“It’s miraculous that a driver can have such a horrendous accident and survive – and I think everyone can see that the halo must have played a huge part in that,” Leonora says. “What I do know, from the time when my dad was supporting the halo, was that he was very frustrated at how much pushback there was from the industry. It was primarily about aesthetics, but also the aerodynamic aspect. Dad felt angered. He thought that if there had been other people in his position, with what had happened to Henry, they would never had said the same. We’ll never know if Henry had survived, had the halo been in place on his car. But there was obviously a good chance, given the type of accident it was.”
Surtees was exasperated when, in 2016, Lewis Hamilton claimed he would have nothing to do with the halo. “This is the worst-looking modification in F1 history,” he wrote on Instagram. “I appreciate the quest for safety, but this is Formula One, and the way it is now is perfectly fine.” He later deleted the message. Against the backdrop of his shattering loss, Surtees found Hamilton’s remarks irresponsible, arguing that the halo was an essential intervention.
“That’s the key thing I remember, how passionate Dad was about it, how much he was trying to urge people in the industry to support it,” Leonora says. “He was desperate for any measures that would push safety forward. I recall a real frustration that it took so long for people to get on board. Undeniably, it has been such a great addition in terms of safety.”
Indeed, Hamilton can count himself as one fortunate to be alive thanks to the halo. At Monza last year, Max Verstappen’s Red Bull was launched in the air off a sausage kerb, eventually falling on top of his Mercedes. Only the halo saved him from grave injury or worse as he ducked down in the cockpit. It was the same for Charles Leclerc, who had a memorable reprieve at Spa in 2018 after Fernando Alonso’s airborne McLaren descended violently on his Sauber. The device’s greatest moment, though, came at Silverstone on Sunday, when it rescued two drivers in four hours: first F2’s Roy Nissany, then Zhou.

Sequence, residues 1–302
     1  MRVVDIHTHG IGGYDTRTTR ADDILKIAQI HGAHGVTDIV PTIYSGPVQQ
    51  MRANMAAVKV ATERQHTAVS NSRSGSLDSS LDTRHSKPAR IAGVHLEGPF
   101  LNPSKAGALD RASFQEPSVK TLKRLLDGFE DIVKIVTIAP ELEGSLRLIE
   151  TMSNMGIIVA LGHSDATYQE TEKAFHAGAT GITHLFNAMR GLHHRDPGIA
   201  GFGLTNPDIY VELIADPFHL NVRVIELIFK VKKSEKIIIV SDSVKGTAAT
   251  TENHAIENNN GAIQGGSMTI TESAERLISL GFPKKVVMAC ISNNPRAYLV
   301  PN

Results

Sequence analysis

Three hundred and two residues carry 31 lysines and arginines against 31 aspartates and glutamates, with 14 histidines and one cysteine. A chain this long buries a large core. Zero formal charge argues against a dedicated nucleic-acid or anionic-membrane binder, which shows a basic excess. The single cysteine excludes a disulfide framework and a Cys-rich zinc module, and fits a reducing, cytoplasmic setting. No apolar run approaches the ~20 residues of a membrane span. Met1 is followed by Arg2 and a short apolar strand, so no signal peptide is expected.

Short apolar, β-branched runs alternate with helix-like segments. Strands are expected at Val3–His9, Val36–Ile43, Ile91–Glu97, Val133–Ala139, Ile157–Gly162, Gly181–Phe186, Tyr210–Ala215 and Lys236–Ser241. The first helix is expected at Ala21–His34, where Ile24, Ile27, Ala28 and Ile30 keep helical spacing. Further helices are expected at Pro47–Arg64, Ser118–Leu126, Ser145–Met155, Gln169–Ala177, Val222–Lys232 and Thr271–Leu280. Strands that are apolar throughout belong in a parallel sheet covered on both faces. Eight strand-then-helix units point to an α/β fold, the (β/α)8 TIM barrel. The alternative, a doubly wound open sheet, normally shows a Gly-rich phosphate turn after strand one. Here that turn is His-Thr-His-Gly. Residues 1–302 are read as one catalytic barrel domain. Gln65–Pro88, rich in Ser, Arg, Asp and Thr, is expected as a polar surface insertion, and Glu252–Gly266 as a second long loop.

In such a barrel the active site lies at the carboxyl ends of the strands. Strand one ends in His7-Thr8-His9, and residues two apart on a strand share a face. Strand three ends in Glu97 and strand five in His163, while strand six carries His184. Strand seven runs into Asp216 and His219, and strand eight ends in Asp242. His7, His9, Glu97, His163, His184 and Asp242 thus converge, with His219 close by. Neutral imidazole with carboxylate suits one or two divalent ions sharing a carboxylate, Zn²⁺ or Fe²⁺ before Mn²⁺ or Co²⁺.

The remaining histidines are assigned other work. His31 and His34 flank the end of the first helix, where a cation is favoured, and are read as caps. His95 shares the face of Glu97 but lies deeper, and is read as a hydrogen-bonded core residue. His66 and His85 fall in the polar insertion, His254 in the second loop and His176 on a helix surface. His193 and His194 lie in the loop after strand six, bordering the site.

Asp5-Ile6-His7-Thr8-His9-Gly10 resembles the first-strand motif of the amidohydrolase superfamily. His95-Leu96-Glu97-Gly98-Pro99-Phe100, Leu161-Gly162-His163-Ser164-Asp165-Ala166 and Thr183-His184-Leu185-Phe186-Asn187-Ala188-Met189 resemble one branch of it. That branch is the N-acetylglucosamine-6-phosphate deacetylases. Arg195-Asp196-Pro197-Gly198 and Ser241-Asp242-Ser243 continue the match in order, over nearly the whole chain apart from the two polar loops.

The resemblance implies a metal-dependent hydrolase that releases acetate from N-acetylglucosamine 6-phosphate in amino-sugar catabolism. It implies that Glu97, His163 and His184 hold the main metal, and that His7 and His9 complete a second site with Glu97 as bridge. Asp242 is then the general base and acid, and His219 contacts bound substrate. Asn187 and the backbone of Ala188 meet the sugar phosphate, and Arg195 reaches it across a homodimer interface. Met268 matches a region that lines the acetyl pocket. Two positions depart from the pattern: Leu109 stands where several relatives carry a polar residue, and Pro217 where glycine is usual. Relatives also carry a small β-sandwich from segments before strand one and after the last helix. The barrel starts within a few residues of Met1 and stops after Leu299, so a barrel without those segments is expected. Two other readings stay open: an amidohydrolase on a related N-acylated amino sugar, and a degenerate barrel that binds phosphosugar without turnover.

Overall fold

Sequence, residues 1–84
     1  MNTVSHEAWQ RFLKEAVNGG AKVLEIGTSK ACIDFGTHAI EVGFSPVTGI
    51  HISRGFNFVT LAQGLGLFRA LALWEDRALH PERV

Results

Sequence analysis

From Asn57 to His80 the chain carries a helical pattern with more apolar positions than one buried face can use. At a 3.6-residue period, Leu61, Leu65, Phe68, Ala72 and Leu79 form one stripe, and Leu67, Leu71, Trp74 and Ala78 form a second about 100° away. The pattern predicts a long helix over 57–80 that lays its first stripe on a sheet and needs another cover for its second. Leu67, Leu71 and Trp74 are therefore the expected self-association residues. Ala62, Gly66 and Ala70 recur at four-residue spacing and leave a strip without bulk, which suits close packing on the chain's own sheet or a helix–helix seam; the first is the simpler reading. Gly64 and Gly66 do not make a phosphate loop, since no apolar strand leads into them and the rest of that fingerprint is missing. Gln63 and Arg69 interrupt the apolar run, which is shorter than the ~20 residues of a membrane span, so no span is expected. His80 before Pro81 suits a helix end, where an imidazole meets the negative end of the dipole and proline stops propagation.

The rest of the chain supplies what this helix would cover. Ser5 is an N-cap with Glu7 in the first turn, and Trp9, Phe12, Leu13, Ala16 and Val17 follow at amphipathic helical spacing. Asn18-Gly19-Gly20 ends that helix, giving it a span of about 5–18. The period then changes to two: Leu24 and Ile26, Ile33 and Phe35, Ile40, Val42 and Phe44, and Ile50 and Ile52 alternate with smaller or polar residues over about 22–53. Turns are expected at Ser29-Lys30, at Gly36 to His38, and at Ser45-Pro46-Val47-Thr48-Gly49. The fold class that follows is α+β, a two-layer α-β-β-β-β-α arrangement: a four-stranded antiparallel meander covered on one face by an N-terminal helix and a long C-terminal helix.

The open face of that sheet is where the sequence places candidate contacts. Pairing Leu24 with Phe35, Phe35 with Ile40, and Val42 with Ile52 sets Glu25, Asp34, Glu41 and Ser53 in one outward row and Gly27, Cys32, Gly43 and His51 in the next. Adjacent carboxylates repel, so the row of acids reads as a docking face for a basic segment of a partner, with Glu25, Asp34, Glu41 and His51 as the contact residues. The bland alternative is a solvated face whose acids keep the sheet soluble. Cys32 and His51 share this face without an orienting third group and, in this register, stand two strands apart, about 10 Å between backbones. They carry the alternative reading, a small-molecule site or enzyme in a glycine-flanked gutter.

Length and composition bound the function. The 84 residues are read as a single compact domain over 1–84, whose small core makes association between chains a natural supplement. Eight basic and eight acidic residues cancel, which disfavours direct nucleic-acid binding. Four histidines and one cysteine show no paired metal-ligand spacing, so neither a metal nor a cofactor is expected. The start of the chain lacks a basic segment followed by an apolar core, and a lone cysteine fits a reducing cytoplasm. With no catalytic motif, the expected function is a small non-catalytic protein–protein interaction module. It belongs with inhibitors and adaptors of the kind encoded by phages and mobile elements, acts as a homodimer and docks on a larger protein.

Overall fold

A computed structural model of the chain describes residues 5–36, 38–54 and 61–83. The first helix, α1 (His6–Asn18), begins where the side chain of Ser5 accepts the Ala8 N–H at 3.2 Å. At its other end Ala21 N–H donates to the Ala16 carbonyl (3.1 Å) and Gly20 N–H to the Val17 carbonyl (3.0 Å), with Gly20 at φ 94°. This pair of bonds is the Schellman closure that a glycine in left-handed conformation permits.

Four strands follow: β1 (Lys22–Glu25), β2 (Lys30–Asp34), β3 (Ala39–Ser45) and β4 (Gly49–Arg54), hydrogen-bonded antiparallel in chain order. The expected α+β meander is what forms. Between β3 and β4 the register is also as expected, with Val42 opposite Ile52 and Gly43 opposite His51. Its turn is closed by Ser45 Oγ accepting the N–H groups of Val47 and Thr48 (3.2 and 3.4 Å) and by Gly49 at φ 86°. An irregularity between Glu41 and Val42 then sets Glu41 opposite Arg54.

“When Dad was racing in the sixties, one of the main reasons drivers died was due to fire,” Leonora points out. “It would have been catastrophic for Zhou had there been any kind of fire. But safety has come on so much, and this was a massive factor in him not being more severely injured.”
For several years, Leonora ran the Henry Surtees Foundation alongside her father, raising over £1 million for causes from air ambulance services to wheelchair rugby. Last summer, sadly, she had to wind it up – a consequence of both the pandemic and the death, in 2017, of the inspirational John. “Losing the momentum that Dad created was huge for us,” she explains. “I oversaw things with him, but he was very much the figurehead. It was a challenge to continue without him. So much good had been done, the worst thing we felt could have happened was to let it peter out, becoming a shell of what it had been. We didn’t feel that would be a fitting tribute to Henry.
“There’s always more you can do – more causes, more projects. It’s neverending. Unfortunately, the donations aren’t neverending. But we’re proud of what we were able to do. We worked with almost every air ambulance across the UK, increasing the blood they had on board, improving the survival rates of those involved in serious road accidents. That’s at the acute end. But we also kept rugby central. Henry loved rugby. I know that, had he survived the accident but been injured, wheelchair rugby would have been an option. We always tried to think, “What would Henry have wanted?”
At Silverstone, Henry was once more at the forefront of Leonora’s mind as Zhou’s distressing ordeal played out. Except this time, in an abiding testament to John Surtees and his steadfast belief in the halo’s capacity to transform motorsport, there was a different outcome. “I’m just so relieved that someone else doesn’t have to experience what we did,” Leonora says, firmly. “This time the halo was there, doing its job.”